My husband and I got up around 5:15 on Sunday morning, not too much later than when we wake up during the week. I have to say, that’s one thing I’ve really gotten disciplined about: getting up early and running before the sun even peeks over the horizon.

We got coffee on our way out of town (naturally) and drove up to Freeland, MD, just off I-83 and about 2 miles from the Mason-Dixon line (Pennsylvania border). It was a beautiful drive, mostly country roads, and we watched the sun rise.

The race was a point-to-point, so he dropped me off and drove down to Cockeysville, conveniently 20 miles south of Freeland. ūüėČ He hung out and drank coffee and did a little writing of his own while I ran.

I had my sights set on running a 12:00 pace, which would put me at 4 hours. That’s much slower than I’ve run long distance races in the past, but this is a new day. I’m heavier than I was 5-6 years ago while training for my first marathon. I’ve been dealing with this nagging calf/soleus pain in my left leg. I suspect that it might be caused by my shoes, but I’d like to not shell out a buck fifty for another pair quite yet.

Per the website, there were no headphones allowed on the trail. I ran the first 10-11 miles with no music. Just me, the trees, the sounds of nature, and the occasional cyclist or runner coming the opposite way. Let me tell you, it is a major victory for me to be able to run and enjoy it without headphones. After about mile 11, I turned on some music on my phone in the front pocket of my Nathan hydration pack. It was the perfect boost I needed between miles 10-15.

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20 miles of this? Yes, please.

My fuel for the race was a small iced coffee and pumpkin donut from Dunkin (apparently Dunkin is a big thing on the East Coast.. they’re everywhere…) and a couple Gatorade chews. For some reason, I have not been favoring GU gels, or really gels of any sort, this training cycle. The texture and taste are generally unappetizing. So I’ve been picking up these Gatorade chews from Walmart. They’re very similar to gummy candy, which I love, so it’s a good choice. I filled my Nathan pack with water and Nuun tablets. I’ve been using Nuun for about a year now and have never had any issues.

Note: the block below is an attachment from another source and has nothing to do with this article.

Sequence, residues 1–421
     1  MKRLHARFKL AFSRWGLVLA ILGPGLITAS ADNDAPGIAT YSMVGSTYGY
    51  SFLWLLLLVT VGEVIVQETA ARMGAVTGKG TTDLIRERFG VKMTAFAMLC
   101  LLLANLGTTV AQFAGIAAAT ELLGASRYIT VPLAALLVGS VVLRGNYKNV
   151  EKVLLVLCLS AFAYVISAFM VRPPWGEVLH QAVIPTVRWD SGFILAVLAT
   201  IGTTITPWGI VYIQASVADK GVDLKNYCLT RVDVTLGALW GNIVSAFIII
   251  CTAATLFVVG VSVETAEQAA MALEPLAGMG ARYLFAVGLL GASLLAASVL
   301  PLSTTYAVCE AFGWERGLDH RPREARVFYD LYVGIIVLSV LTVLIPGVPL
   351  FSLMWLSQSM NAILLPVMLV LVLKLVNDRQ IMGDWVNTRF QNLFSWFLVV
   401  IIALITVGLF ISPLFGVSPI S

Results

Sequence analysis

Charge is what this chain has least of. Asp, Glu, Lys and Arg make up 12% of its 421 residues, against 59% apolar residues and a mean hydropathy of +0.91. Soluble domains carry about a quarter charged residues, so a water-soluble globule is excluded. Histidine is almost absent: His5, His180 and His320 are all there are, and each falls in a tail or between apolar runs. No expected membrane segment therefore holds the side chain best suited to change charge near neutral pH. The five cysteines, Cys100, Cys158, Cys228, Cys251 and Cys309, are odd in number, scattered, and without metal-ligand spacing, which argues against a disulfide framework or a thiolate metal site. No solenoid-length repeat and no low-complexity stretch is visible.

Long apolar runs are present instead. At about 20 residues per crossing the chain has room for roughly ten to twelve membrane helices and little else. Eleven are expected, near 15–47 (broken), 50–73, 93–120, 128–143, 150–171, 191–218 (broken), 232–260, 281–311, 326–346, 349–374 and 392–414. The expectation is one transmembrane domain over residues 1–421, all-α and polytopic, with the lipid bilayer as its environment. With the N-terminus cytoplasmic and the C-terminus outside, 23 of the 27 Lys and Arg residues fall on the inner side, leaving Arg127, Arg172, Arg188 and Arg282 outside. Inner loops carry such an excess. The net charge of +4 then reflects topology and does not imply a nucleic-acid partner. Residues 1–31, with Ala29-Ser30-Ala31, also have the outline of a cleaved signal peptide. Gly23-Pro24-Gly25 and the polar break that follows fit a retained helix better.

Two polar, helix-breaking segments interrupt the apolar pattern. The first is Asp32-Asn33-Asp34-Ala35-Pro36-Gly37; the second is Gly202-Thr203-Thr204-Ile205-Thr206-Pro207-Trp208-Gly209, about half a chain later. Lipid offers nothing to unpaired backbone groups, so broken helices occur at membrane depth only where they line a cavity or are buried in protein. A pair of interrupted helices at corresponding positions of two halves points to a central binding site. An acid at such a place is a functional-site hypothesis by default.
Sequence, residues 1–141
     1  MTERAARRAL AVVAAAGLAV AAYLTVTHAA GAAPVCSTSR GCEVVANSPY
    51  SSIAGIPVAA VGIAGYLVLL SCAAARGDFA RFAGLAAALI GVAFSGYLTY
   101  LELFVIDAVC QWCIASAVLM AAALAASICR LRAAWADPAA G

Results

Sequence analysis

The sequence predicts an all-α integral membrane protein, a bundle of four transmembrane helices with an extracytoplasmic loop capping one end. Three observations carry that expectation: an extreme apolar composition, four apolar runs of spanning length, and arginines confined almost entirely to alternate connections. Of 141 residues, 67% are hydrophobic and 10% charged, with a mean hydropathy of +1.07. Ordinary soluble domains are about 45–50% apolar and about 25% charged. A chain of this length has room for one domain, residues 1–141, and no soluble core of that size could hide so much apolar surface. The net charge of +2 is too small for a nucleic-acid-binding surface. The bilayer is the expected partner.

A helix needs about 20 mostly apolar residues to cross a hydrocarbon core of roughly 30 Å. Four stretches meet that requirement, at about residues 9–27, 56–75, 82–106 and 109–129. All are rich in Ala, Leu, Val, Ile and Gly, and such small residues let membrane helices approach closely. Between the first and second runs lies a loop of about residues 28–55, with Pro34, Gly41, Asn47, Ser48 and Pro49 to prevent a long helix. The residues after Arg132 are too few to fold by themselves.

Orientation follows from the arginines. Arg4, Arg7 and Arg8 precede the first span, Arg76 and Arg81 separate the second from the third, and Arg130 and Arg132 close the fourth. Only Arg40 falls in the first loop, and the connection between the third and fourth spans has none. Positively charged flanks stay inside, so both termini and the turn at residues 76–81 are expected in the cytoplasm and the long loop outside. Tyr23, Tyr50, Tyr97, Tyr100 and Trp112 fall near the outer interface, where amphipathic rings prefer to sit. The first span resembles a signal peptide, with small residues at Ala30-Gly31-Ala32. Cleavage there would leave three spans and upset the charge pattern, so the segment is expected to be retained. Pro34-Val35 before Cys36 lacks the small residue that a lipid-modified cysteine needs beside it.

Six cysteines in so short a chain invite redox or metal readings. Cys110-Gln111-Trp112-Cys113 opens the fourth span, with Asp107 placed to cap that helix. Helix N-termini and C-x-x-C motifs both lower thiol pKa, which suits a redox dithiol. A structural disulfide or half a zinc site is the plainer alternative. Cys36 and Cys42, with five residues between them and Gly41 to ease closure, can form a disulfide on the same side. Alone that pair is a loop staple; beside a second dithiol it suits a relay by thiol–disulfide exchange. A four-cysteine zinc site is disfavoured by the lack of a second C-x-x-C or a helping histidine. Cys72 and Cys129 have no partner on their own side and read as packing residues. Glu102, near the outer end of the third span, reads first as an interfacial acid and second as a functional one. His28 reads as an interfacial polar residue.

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Monkton, MD, a stop along the trail

Once I hit mile 17, I knew I had it in the bag. I saw lots of people who had passed me early on walking and looking like they were hurting. I told myself, “I’ll be damned if I come out and do this run and not finish strong.” So I did.

The last mile came out onto a road that was pretty hilly. Since I’ve been running hills since I moved to Maryland, it was no big deal. I powered through and had my second fastest mile (11:11). I finished in 3:59:33, pace 11:59. One second faster than my goal pace. I felt awesome.

It was the perfect confidence booster for MCM. I did an 18-miler just the week before, and a 17-miler two weeks before that. I’ll do around 12 this weekend and push for one more 20-miler October 10 before a three-week taper.

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Maryland Half Marathon –> NCR 20-Miler. Find the differences between these pictures: a hot, humid summer, ¬†10-12 lbs, and loads of confidence.

I’ve treated this week similar to a ‘zero week’ (more like a 15 mile week) and taking it easy on my nagging calf. I’ll ramp it up next week and then move into the taper. Next I’ll start thinking about spring races…

Beautiful Pain: Maryland Half Marathon Report

My first race in Maryland is complete. Done. Over. And boy, are my legs feeling it.

MD half

After we moved, I had my sights set on completing a half marathon. 13.1 miles is actually not my go-to distance. I ran a marathon before I ever ran a half. The distance of 13.1 is deceiving, at least to me. With okay training I can work up to, say, an 8-miler. And 8 miles starts to feel good. But it’s the dark place between 8 and double digits that’s not my favorite.